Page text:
Small MSO seeks help for Paradise, Calif., auto body shop staff in wake of Camp FireBy on
Associations | Business Practices | Market Trends | Repair Operations | Technology
The Paradise, Calif., location of the four-shop Collision Pros has been destroyed by the Camp Fire raging in the California Sierra Nevada area, and the owner seeks assistance for his employees’ families.
The industry can help in one of two ways.
Collision Pros owner Brian Von Tress has created a GoFundMe page specifically for his team, seeking $30,000. As of Monday just before 2 p.m., the shop had raised $15,280.
The Collision Industry Foundation, created specifically to help anyone connected to the collision repair ecosystem following disasters, is also in contact with Collision Pros about aid. Unlike GoFundMe donations, contributions to the CIF are tax-deductible and can be used for other businesses too.
“I’ve been overwhelmed by the number of people who have reached out asking what they can do to help,” Von Tress wrote in his GoFundMe description.
Von Tress wrote that the shop employs members of eight families who lost everything in the devastating fire. As of Nov. 12 at 10:45 a.m. ET, the Camp Fire had burned 113,000 acres and was 25 percent contained. It destroyed 6,453 residences and 260 commercial structures and threatened 15,500 locations.
“I have donated to each of them and will continue to support payroll, but I can’t do this all by myself,” Von Tress wrote. “I’d love to help them meet their immediate need or for those with no insurance to make an effort to restore their lives. Please help me make a difference and show these people we are here to help.”
He vowed to donate “100% of these funds” to the victims. “If we could raise these funds this week, I’m sure it could change lives,” Von Tress wrote.
Von Tress also planned to post a list of other items the families might need.
“I’m trying to help the employees through stuff,” Von Tress said in an interview Monday.
The business itself is struggling too. Von Tress said he has discovered “we’re grossly underinsured” on the shop’s contents and learned that his landlord let the insurance lapse on the structure. “There’s no building anymore,” he said. The shop had only purchased the facility (formerly known as Classic Auto Body) two years ago, according to Collision Pros’ website.
Even if Collision Pros were to rebuild, the fire also took away its customer base, Von Tress said. “Nobody lives there” following the fire’s devastation — nor would they for years, Von Tress said.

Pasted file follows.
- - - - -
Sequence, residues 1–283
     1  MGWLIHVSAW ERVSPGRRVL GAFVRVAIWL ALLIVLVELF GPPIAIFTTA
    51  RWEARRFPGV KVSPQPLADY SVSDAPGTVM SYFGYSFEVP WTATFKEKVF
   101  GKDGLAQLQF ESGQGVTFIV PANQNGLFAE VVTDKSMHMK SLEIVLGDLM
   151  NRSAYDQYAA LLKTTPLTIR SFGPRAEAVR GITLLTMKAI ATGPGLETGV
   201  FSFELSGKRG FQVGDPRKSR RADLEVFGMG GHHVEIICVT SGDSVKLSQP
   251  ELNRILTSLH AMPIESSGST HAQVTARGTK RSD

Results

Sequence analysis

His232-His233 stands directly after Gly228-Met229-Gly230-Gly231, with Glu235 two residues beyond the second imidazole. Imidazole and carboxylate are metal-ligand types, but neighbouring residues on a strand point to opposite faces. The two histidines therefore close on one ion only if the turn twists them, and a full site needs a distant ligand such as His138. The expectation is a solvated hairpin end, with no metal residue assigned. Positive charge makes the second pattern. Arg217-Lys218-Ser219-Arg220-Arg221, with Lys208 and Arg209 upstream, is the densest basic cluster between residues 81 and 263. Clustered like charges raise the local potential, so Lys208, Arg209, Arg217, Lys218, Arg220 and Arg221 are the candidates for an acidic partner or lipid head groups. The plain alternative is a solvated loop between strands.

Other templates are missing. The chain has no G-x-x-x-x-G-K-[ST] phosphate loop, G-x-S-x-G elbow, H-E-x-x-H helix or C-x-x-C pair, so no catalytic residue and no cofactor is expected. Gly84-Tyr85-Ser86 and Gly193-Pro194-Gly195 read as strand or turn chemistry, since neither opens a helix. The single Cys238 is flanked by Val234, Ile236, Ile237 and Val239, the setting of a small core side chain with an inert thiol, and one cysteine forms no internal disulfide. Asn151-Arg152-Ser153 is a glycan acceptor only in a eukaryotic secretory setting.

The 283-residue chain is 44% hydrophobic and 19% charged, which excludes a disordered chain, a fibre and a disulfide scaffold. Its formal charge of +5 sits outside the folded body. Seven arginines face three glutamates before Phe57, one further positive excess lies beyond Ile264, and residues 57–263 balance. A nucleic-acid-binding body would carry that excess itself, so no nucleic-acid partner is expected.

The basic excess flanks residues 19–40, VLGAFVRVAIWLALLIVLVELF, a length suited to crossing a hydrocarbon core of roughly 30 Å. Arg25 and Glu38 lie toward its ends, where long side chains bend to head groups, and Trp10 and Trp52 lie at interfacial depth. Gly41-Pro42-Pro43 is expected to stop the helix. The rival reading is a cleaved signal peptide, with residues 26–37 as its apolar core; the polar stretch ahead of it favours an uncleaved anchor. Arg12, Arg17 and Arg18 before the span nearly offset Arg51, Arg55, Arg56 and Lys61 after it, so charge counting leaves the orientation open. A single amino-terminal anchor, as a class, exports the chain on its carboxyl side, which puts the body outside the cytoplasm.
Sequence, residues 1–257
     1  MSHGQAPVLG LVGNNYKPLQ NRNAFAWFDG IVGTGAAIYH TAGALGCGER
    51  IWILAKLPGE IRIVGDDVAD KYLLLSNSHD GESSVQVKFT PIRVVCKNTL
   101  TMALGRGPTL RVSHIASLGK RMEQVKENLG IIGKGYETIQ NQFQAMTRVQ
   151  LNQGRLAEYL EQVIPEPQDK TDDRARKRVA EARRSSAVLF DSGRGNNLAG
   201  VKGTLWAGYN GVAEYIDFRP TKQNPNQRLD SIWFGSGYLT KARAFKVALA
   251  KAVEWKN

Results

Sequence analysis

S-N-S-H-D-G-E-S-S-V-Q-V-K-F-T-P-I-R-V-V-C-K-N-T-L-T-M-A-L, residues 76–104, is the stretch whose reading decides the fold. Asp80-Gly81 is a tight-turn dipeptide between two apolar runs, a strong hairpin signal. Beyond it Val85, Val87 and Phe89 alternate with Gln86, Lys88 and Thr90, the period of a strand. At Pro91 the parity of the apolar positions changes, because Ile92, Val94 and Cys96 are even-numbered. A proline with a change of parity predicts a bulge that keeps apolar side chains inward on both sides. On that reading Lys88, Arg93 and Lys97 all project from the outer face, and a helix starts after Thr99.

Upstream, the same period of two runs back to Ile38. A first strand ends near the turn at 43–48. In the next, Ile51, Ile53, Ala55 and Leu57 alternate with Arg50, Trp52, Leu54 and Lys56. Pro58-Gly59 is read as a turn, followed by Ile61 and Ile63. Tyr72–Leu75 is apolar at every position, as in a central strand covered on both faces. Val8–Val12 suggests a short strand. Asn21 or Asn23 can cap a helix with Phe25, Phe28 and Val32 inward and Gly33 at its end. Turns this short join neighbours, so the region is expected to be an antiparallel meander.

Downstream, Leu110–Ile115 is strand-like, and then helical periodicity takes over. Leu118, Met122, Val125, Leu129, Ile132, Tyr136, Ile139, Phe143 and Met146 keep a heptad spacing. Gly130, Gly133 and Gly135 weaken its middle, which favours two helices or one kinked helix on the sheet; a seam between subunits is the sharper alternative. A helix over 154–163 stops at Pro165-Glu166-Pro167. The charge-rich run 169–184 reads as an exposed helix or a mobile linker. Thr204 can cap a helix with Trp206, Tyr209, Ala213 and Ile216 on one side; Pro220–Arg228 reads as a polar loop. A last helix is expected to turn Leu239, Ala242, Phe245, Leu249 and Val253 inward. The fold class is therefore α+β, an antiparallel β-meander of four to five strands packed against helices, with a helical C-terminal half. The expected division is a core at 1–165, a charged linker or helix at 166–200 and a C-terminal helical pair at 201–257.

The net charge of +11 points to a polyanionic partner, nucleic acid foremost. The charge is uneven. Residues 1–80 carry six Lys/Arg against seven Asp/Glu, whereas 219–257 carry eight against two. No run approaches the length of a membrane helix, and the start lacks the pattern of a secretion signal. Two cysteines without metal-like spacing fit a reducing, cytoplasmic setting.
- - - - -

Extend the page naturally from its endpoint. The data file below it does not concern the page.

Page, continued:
“It’s just a horrible situation,” he said.
His employees’ tools were all contained within the facility. “There was no getting anything out,” he said. Representatives delivering the evacuation order said occupants couldn’t gather their things.
Von Tress said he’s attempting to wade through the insurance situation and wasn’t sure if his employees’ tools were covered or if working at another Collision Pros facility would affect their claims. Even if the staff were transferred to another Collision Pros, it would mean the site’s regular employees would lose hours, he noted.
“We’ll keep ’em on payroll somehow,” he said.
He said seven of the families were confirmed to have lost houses in either Paradise or nearby Chico, Calif. The eighth likely did as well, but the more rural location of the home prevents the employee confirming the loss, according to Von Tress.
Three of the families were renters and lacked renter’s insurance, he said. The other five were insured but don’t know how fully they’ll be covered, according to Von Tress.
Either way, the loss inevitably “costs something,” he observed.
The shop has given each family a $1,000 gift card to buy necessities, and Von Tress’ church has also responded to help donate clothes and diapers and take the children shopping for toys.
Von Tress said his shop handles the vast majority of the business in the area, but three other smaller collision repair facilities serve the market as well. He said he assumed his competitors were destroyed as well.
Their people and other individuals with ties to the collision industry might need help after both the Camp Fire and the Woolsey Fire in Southern California, though CIF board member Michael Quinn (AirPro) said Monday that Von Tress’ was the only one to have reached out at that point.
The Woolsey Fire has burned 91,572 acres and is only 20 percent contained as of 12:29 p.m. ET. At least 370 structures had been destroyed — only 15 percent of the damage has been examined — and 57,000 threatened by the fire.
CIF is a good resource for donors and victims of shops lacking Von Tress’ initiative or employee support. CIF memorably contributed about $250,000 in donations and helped about 150 households following Hurricane Katrina in 2005. It provided more than 80 tool sets during that storm — often more important than other donations, as technicians felt, “‘If I had tools, I could work,’” according to board member Jordan Hendler (Washington Metropolitan Auto Body Association).
Those affected by disasters like the California fires or this year’s hurricanes can request aid themselves online, email firstname.lastname@example.org or call 855-424-3243 or 804-427-6982.
Donate to CIF here. Also, don’t forget that the Collision Industry Foundation is on Amazon Smile. If you designate them as your charity and buy stuff on smile.amazon.com instead of the regular Amazon website or the app, the retail giant will donate a little bit to the foundation every time you buy one of millions of designated products.
Collision Pros GoFundMe webpage
Donate to Collision Industry Foundation
Request Collision Industry Foundation assistance
Featured image: The Paradise, Calif., location of Collision Pros has been destroyed by the Camp Fire that raged in the California Sierra Nevada in 2018. (Provided by Collision Pros)